PDR Estimating – know your panels video

Writing accurate estimates in paintless repair is a must.
Knowing the panel names used on cars you estimate for PDR gives you expert status.

My auto body class was an eclectic mix of people.
From pimple faced high school rockers to thirty-something adult students in army surplus jackets trying to make a new start.

The instructor, Mr. Opdyke, was new to teaching. Since he was used to working in a high production body shop, facing a room full of newbies must have felt like slow motion.
A very trusting soul volunteered his 1968 Pontiac GTO to the class for restoration, and it needed to be taken apart.
I watched as the instructor assigned teams of two the different panels for removal.
Finally, he pointed at me and said, “You take off the valance panel.”
“Er, what’s a valance panel?”
Mr. Opdyke then gathered us around the car and taught us the names of each panel.
Since you will write estimates for paintless dent removal, you need to know those names too.

Watch the video below to see how to write accurate estimates with proper names for each panel.

Disclaimer: valance panels are not listed in this video because they are not really found on modern cars. (But I’ll give you a hint, they could never get hail damage.)

Note: if you use different panel names for PDR in your country, please share them in the comments below.
I’ll trade you a hood for a bonnet.

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  1. Hey Tim,

    In our shop and with a lot of people in the industry locally we commonly would refer to what you call the “sail panel” as the C-pillar. Working forward, the pillar area between the doors would be the B-pillar and the front rail between the windshield and front door would be the A-pillar. We use these terms as they seem to work well as a universal system to call out a particular area on a car. These terms seem to have originated with the car designers themselves.

  2. The car industry in my thoughts made the biggest mistake by calling cars left side or right side. What they should have called the car the driver side or passenger side then there would never be a mistake made. I cannot tell you how many times either parts get ordered incorrectly by either the shop or the person ordering parts. Just my thougths they should have called it driver side or passenger side.

    1. @Eric: I have learned that when talking to either the public or to the counterman to always talk in terms of passenger’s and driver’s side. Let them be the smart ones and let them start talking about left or right and it usually turns out okay. Half of them think the right side is the driver’s side, so it’s easier to subtly correct their terminology in conversation as you go. LOL!

    2. @Eric:
      Drivers side or passengers side? Well I have a truck with the driver on the right side.
      We also see trucks with the driver in the middle. (cement trucks)

  3. I agree with both eric and dan. A piller B pillar C pillar, thats what i was taught my first year. I’ve also always called them drivers and passangers side. Left and right just gets confusing.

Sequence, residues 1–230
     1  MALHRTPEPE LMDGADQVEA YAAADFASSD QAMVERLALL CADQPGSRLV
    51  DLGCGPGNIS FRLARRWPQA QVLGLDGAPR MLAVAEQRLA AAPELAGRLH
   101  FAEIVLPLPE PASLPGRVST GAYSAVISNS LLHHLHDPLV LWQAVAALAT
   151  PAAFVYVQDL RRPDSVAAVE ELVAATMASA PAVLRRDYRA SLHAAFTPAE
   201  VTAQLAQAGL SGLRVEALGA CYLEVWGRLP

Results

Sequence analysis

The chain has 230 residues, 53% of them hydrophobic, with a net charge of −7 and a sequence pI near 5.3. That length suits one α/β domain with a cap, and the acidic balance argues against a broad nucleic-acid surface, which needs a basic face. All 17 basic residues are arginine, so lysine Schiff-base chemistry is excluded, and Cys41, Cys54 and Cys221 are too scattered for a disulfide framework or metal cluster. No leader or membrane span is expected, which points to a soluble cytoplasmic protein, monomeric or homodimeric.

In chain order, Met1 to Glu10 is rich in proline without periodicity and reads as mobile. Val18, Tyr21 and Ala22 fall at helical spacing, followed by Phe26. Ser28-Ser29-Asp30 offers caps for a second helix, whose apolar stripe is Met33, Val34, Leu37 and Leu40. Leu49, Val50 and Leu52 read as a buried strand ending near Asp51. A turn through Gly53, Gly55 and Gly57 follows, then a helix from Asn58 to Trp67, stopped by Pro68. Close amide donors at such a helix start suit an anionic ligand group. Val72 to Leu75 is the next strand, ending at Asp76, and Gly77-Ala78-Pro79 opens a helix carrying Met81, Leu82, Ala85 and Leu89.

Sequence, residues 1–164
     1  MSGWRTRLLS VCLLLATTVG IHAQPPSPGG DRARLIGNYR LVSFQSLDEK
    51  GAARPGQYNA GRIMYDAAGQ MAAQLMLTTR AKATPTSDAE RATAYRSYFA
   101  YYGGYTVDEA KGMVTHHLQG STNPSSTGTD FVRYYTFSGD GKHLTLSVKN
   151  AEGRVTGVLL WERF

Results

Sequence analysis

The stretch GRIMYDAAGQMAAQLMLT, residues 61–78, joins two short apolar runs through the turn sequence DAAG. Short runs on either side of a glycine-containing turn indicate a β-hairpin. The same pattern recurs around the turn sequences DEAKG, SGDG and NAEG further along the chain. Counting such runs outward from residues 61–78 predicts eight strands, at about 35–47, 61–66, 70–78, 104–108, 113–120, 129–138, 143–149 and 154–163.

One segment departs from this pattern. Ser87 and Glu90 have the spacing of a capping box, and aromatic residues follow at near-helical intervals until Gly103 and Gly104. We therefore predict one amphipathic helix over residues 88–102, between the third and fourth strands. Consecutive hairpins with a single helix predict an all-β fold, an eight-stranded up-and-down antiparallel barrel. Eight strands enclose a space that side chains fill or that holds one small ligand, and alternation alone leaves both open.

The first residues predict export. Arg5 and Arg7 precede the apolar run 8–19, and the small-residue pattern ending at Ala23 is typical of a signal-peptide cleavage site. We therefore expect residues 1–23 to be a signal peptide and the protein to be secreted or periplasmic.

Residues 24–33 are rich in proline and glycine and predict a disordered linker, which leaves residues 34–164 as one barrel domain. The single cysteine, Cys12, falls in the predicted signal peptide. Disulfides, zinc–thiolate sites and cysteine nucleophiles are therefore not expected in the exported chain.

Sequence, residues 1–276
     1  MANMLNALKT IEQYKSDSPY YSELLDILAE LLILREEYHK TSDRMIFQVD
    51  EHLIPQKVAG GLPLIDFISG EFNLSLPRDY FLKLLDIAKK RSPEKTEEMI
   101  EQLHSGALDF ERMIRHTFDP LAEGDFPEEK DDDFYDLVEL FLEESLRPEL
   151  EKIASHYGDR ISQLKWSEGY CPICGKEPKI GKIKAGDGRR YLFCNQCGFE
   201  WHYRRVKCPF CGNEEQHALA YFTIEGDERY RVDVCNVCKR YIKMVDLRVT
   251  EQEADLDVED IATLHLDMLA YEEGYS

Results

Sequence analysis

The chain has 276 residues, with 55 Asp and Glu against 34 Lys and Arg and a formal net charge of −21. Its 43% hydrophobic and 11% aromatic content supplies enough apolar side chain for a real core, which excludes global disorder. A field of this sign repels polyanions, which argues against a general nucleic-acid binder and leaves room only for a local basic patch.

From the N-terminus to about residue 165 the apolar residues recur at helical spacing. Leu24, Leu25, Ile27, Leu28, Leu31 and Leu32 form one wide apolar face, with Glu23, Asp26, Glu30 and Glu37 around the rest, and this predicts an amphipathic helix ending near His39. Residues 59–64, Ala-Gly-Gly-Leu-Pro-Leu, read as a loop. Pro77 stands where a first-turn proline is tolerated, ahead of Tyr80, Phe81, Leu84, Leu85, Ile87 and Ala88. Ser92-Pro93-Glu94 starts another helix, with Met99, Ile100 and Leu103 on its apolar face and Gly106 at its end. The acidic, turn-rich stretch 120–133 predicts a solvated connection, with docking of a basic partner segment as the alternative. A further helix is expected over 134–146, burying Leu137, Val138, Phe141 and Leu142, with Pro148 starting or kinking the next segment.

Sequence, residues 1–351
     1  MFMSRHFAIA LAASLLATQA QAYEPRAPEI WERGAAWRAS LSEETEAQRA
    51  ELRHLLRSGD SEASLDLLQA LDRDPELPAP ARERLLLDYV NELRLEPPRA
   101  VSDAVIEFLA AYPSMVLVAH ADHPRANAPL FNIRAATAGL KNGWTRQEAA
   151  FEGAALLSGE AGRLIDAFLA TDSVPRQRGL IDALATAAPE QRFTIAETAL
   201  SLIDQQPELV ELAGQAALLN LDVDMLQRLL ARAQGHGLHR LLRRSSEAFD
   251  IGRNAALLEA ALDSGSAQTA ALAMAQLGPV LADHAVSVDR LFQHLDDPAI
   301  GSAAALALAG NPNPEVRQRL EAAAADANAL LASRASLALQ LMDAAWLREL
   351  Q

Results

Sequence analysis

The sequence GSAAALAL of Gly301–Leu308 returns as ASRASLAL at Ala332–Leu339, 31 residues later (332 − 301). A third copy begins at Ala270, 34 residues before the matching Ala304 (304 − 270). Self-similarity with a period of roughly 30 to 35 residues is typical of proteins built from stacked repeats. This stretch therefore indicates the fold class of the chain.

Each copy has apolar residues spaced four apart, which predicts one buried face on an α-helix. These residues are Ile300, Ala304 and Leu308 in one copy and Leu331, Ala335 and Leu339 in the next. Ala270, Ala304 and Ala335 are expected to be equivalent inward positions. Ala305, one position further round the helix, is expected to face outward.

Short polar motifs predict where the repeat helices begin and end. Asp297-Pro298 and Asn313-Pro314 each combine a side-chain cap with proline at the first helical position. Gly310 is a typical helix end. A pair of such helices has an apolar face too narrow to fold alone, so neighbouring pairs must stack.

I’ve been working with cars for alomost 9 years so i’ve known what to call what for a long while, but I do remember when i called a fender a quarter. I first looked at the video like a joke but then i remembered i was once uneducated also. So I hope that video helps people from making some of those embaressing mistakes I made before I was educated.

  4. Alot of times i will use different names on the bill for the rear trunk panel depending on what type of vehicle it is. For instance if it has a regular trunk I refer to it as a decklid, but if it is a hatchback car I will use hatch, and if it is a SUV or van i will sometimes use either liftgate or hatch.

  5. I grew up in England where a fender is a wing, a hood a bonnet, a trunk or deck lid a boot.But 25 years in the U.S. and all that is a distant memory.
    Just thought I would throw in my two cents…. or is that pence !!!

  6. Thanks Tim for jolting the mind.Some further additives and mind you im a panel beater from aussie land if it makes any difference.I call the cowl a scuttle panel or is this the detachable panel in the same area?To add to the confusion i call the left hand side (the near side) hence nearest to the curb in Australia that is,and right hand side the off side.Now that adds fuel to the fire!

    1. Jason,

      “I call the cowl a scuttle panel”

      thanks for this, I hadn’t heard this one.
      I would be speculating, but cowl here is likely adopted from aeroplanes (see cowling)

      “i call the left hand side (the near side) hence nearest to the curb in Australia that is,and right hand side the off side”

      And you are of course, absolutely correct. Since Australians drive on the left side, this serves you well.
      As I was making this video, I had to stop myself from describing the left side as drivers’ side, because this won’t apply in all countries.
      I think its easiest to imagine yourself sitting in the car looking out the front. Your left is your left and so on.
      Now you can write PDR estimates in any country, no matter where the wheel is placed or which side is used for driving.

  7. A Capitan has his ship. mean in defend country. have left & right. that happen in in Europe. Americana drive on right . So work sheet must be written on base.
    Where you live . but you should write a part down, or what you work on. so it is better for your customer’s .

  8. Getting accurate estimated in paintless dent repair is a must and I like that you mentioned that. I have been wanting to have a dent repaired on my car after a small fender bender. I would love to see what I can do within my budget to restore the look of my car.

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